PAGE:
Well, I’m sure that you’ve heard that Disney shut down the video game arm of Lucasarts recently. For those of you who haven’t been living/breathing this stuff for the last 20 years, Lucasarts (somehow) managed to put out videogames that were not only passable, but downright good. Heck, not just downright good, but downright *INNOVATIVE*.

In the middle of a boom of “Sim” games, they came out with “Sim Afterlife”. When First Person Shooters had their first boom, they came out with Dark Forces which took Doom to the Star Wars universe and that worked amazingly well (including, of course, Stormtrooper rifles that couldn’t hit the broad side of a barn). They also came out with The Best Danged Adventure Games Ever. The Monkey Island series. The Sam and Max series. Full Throttle. Grim Fandango. Brilliant games with gorgeous environments in compelling universes telling interesting stories…

And, anyway, they’ve been shuttered.

To be sure, it’s not like there have been a whole bunch of adventure games hitting the market in recent years… the First Person Shooter games were limited in their earliest incarnations by simple things like physics and graphics, while adventure games were perfect for limited physics and graphics capability… but as these things improved (by leaps and bounds), the limits of the adventure game were shown and the FPS pretty much took off.

But every now and again, I miss adventure games. A good story, told well, punctuated by puzzles. The Book of Unwritten Tales was on sale on Steam recently for 75% off (!) and I picked it up for five bucks… and I’m positively entranced. The graphics have been updated for today’s computers but we’re still using the same fixed point perspective, point and click interface, add this thing to that thing and then use this item on it to solve a problem. And, on top of that, it’s not dexterity-based. You don’t need twitch reflexes, you don’t even need particularly good reflexes. You need little more than solitaire-level mouse skills. It’s a total flashback.

An example: In the chapter I most recently finished, I had a Quest to Create A Potion that involved finding 8 different ingredients (some of which needed to be processed one way or another) in about 8 different places (which took a good long time, believe you me) and then, having collected them, I had to follow a recipe that was about as convoluted as you’d expect. “Add this ingredient and then stir 4 times counter-clockwise, then add other ingredient and wait for mixture to turn blue” and I had to start over several times because my potion kept blowing up.

The game is a lovely little diversion. Checking out Steam now, I see that it’s $20 and I can’t in good conscience recommend it for $20… but, I’m sure it’ll be on sale again soon (hey, it’s Steam) and if you can catch it for $10, I’d wholeheartedly recommend it to you for that.


Jaybird is Birdmojo on Xbox Live and Jaybirdmojo on Playstation's network. He's been playing consoles since the Atari 2600 and it was Zork that taught him how to touch-type. If you've got a song for Wednesday, a commercial for Saturday, a recommendation for Tuesday, an essay for Monday, or, heck, just a handful a questions, fire off an email to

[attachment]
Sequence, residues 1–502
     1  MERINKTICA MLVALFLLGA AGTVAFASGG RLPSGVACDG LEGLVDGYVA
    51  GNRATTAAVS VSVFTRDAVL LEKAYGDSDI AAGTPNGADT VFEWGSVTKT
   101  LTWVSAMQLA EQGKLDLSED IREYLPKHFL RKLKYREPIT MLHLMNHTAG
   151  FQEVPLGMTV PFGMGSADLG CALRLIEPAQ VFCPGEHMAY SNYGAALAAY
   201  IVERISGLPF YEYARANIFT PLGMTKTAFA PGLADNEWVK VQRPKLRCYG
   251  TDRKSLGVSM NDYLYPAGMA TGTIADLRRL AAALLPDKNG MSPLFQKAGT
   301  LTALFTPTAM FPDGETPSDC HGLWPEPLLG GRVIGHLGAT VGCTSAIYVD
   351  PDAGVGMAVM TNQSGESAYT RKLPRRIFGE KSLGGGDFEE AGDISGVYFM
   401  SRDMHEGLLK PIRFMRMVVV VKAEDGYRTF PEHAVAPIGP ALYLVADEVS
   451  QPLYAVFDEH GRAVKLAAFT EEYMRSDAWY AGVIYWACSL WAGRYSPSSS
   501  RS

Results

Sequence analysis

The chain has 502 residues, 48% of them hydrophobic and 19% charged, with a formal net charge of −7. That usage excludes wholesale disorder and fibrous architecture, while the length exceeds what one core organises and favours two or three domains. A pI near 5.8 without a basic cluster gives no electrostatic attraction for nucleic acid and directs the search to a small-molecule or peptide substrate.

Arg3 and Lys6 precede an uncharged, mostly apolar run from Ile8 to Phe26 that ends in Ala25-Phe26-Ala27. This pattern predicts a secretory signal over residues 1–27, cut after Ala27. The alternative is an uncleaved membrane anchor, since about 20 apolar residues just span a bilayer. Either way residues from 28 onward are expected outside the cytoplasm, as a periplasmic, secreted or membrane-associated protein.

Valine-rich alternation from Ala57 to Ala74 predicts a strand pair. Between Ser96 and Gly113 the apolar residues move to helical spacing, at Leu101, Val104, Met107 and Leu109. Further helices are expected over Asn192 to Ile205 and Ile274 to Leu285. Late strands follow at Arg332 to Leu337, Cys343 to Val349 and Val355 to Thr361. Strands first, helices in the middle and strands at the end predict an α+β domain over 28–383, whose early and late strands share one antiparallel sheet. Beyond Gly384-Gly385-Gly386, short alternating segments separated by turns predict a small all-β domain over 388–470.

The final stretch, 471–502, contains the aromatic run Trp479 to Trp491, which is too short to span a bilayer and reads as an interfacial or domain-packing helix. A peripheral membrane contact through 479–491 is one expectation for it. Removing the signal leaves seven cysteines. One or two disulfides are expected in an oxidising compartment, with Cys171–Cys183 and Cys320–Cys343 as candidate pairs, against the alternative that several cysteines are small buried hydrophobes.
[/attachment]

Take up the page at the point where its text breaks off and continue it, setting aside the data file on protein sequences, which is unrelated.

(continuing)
1. Have you played any Telltale games?

    It was founded by many of the folks who used to make adventure games for LucasArts before they stopped making adventure games–And then they licensed LucasArts properties and made sequels for them.

    Their three Sam and Max games are brilliant. Tales of Monkey Island is solid, if not up to the heights of some of the earlier games.

    • I had a small paragraph devoted to Back to the Future but it didn’t gel.

      I had a lot of fun with their Back to the Future game.

      • I loved, loved, loved the plot of B2tF, but I think the gameplay was a little bit too easy for a veteran Adventure Gamer. Tales of Monkey Island was the same way, to a lesser extent.

        One of the really nice things about their Sam and Max trilogy is that it’s sufficiently difficult.

  2. You might want to look into Runaway or Yesterday (I know the developer has another one or two as well but the names aren’t coming to me). If you loved the LucasArts adventure games, there’s a high probability you’ll really like them.

    I always thought the ads for those adventure games made them look a lot more fun and interesting than actually playing them were for me, so take my recommendation with a grain of salt.

  3. “And, on top of that, it’s not dexterity-based. You don’t need twitch reflexes, you don’t even need particularly good reflexes.”

    This is one of the things that actually started to bother me about some of the sports games. When Madden introduced the “vision cone” or whatever it was, it suddenly required the player to have reflexes like that of a real QB. I understand it added a bit of realism to the game but for an amateur player like me, it made it damned near impossible to pick up a new version of the game. I’m not particularly interested in a game that takes months to master. I’m much more of a social player and want to be able to pick it up and within a few minutes, all the guys are roughly on par with each other. I never buy the newest game when it first comes out, which means if I get the game, I’m several months behind everyone and by the time I’ve caught up, they’ve moved on to yet a new installment. It really turned me off.

    If I had lighting fast reflexes, I’d go outside with a real football.

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